The Environmental Protection Agency (EPA) is yet another example of federal government overreach into an area that was once and appropriately the realm of the states. Recently, the American Legislative Exchange Council (ALEC) released a report highlighting the six ways in which the EPA has upset the balance of power, each of which have been described below.
The Environmental Protection Agency (EPA) was created in 1970 with the purpose of consolidating nationwide knowledge and concerns regarding environmental degradation. Before the formation of this federal agency, environmental health was solely the concern of the states. Mindful of this, the EPA was designed to work with the states, practicing cooperative federalism and maintaining the balance of power. Thus, this system would allow the two entities to “effectively balance economic progress with environmental protection.” Despite this seemingly equitable setup, states are far from being ‘the first among equals’ as they were designed to be when it comes to their dealings with the EPA.
According to ALEC, as of 2009 the EPA has seized control, “replacing cooperative federalism with command and control,” greatly altering this delicate balance of power. While recent changes enacted by the EPA have sought to improve possible environmental issues, many of their decisions have been made at the expense of the states. ALEC recently released a new report, “The U.S. Environmental Protection Agency’s Assault on State Sovereignty,” that details 6 ways that the EPA is disrupting the balance of power between state and federal governments.
1. The EPA’s Power Grab. The EPA is willing to “‘disapprove’ a state’s strategy to meet national environmental goals.” Numbers collected by ALEC show that these ‘federal implementation plans’ (FIPs) have more than doubled since 2009. These FIPs suggest that the state governments care less about environmental protection than does the federal government, which ALEC feels simply isn’t true.
2. The EPA’s new trend of Sue and Settle. Sue and Settle is a “a legal strategy by which the agency effectively replaces state participation with environmentalist groups.” This not only hinders state involvement in environmental issues, but can be seen as a direct refusal by federal government to allow state participation.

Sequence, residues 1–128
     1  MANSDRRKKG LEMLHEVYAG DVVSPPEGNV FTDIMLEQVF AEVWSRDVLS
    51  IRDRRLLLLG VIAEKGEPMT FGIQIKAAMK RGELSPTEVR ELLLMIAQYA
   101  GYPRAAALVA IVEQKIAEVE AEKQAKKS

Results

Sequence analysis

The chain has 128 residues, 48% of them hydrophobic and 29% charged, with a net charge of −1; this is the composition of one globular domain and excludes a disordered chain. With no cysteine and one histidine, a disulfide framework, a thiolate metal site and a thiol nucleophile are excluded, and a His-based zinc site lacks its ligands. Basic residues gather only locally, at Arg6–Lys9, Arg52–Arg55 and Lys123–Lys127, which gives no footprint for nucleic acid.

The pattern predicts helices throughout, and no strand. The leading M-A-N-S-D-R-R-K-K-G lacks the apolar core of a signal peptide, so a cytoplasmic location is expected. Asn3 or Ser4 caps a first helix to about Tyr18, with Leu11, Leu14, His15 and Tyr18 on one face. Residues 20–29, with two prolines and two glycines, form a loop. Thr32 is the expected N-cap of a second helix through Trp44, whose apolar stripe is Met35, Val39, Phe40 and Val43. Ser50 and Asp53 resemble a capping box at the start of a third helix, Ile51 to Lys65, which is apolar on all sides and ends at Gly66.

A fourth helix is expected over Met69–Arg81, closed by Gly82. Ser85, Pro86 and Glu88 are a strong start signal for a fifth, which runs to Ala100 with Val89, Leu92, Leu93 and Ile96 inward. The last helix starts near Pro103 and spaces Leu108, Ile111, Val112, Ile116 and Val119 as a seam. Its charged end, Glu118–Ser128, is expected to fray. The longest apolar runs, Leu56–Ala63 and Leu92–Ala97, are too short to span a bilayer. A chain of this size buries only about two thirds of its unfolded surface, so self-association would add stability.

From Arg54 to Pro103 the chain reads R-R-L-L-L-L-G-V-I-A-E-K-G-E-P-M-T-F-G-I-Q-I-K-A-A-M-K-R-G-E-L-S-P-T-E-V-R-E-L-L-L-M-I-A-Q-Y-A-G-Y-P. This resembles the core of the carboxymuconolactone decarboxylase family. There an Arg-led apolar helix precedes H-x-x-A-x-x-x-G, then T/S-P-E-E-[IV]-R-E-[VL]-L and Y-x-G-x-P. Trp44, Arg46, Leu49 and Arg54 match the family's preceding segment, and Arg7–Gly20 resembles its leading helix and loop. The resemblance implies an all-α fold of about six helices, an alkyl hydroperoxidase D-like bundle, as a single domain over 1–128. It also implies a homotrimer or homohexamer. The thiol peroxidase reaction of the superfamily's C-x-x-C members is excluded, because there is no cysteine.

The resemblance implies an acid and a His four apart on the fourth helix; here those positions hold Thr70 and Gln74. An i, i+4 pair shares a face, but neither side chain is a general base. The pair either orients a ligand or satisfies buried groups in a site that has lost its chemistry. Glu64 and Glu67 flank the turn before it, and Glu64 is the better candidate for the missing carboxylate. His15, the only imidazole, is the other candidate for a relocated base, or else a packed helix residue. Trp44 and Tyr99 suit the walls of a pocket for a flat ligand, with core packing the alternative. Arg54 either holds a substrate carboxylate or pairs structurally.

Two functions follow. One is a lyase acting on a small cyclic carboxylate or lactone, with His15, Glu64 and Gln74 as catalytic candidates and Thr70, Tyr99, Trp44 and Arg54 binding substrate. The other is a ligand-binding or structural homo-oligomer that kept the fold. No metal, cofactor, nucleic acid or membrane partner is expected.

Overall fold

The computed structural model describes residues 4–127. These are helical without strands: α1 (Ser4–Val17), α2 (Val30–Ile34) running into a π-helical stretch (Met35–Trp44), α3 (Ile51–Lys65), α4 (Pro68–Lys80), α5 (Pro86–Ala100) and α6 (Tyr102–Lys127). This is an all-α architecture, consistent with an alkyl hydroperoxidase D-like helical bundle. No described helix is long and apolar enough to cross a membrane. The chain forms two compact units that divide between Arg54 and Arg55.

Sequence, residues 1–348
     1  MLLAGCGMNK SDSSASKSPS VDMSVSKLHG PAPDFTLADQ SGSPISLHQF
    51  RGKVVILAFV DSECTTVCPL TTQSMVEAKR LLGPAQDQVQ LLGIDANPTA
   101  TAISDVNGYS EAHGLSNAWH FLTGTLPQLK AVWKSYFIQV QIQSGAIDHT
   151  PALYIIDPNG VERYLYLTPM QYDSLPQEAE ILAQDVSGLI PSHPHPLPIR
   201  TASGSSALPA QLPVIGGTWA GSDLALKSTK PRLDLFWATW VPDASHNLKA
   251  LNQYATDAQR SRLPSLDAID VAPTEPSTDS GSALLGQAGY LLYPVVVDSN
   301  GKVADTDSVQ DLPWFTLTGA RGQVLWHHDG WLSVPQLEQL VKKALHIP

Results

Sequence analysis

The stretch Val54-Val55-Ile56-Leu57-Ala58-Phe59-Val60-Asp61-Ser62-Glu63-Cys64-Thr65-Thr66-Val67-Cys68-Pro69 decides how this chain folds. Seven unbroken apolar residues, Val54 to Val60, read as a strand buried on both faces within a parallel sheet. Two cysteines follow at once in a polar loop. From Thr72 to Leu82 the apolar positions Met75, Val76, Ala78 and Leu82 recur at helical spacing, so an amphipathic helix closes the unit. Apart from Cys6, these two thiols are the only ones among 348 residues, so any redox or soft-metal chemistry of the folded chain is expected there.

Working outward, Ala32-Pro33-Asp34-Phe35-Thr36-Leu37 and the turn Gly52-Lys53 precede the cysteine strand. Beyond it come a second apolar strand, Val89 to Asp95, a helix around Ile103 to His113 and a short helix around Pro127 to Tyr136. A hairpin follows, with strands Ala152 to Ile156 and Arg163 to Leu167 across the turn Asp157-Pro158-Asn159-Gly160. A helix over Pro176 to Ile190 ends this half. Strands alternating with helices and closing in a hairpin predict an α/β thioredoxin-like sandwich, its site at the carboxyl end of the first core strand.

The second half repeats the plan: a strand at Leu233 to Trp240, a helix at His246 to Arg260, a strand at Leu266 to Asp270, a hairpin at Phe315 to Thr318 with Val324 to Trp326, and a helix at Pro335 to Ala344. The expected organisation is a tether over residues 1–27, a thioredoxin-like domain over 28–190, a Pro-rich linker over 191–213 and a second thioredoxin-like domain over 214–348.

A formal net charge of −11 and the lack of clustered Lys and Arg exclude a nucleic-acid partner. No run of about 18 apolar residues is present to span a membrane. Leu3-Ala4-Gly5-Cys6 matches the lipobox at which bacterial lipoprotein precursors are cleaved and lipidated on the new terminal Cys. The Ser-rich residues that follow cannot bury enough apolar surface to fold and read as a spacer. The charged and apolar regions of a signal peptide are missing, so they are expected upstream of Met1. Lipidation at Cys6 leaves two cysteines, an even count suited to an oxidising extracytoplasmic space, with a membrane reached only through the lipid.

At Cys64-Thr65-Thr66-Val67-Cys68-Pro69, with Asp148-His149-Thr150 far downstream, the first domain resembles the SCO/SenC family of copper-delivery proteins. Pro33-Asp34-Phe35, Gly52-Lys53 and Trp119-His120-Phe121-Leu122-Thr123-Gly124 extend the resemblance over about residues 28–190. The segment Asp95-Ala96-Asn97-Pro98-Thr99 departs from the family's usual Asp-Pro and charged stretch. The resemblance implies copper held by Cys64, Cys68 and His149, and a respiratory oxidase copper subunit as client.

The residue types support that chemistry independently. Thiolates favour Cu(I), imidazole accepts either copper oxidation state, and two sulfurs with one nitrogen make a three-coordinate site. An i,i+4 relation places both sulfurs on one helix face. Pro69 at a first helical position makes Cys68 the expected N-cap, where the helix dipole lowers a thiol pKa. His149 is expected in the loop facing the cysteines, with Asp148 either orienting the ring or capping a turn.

3. The pending Ozone Rule. An air quality regulation proposed by the EPA also has the potential to smother state decision-making with regard to industry. It’s enactment would be another example of enforcing unnecessary regulations. In addition, this federally mandated ozone standard will necessarily cause more issues for certain states (California, Texas, and Pennsylvania) than others, and, considering this, should be evaluated form a federalist perspective.
4. The Clean Water Act. The EPA’s overly broad definition of navigable waters should raise the concern of the states. ALEC notes that the Clean Water Act could “significantly expand the EPA’s federal jurisdiction … at the expense of the states traditional land and resource management role.” What makes matters worse, “the federal government crafted the 2011 interpretation without consulting any state officials or their representatives.”
5. The EPA’s Carbon Pollution Standard. If implemented, this standard “would ban the construction of new coal-fired power plants,” and possibly cause some preexisting plants to shut down. These limitations would hinder states ability to “tailor [programs] to local circumstances.” Moreover, the limits on greenhouse gas emissions would not noticeably benefit the health of the American people.
6. Regulation of fracking. Whether fracking (the hydraulic fracturing of rock) will continue to be regulated by the states or if it will be passed to the EPA is an unresolved question. The EPA’s stance revolves around the fact that fracking may pollute water sources, though there seems to be no substantial evidence of this, either for or against. It is ALEC’s worry that the EPA’s concern that fracking leads to polluted drinking water is ‘needlessly alarmist.’
The balance between federal, state and local governments is important; therefore, it is necessary to encourage the states to prevent the EPA from overreaching and upsetting this balance. To do this, it is crucial that the states reform their legislation. ALEC encourages state reform, and includes model legislation for states to pass, which opposes much of the EPA’s regulation in order to keep control within the states.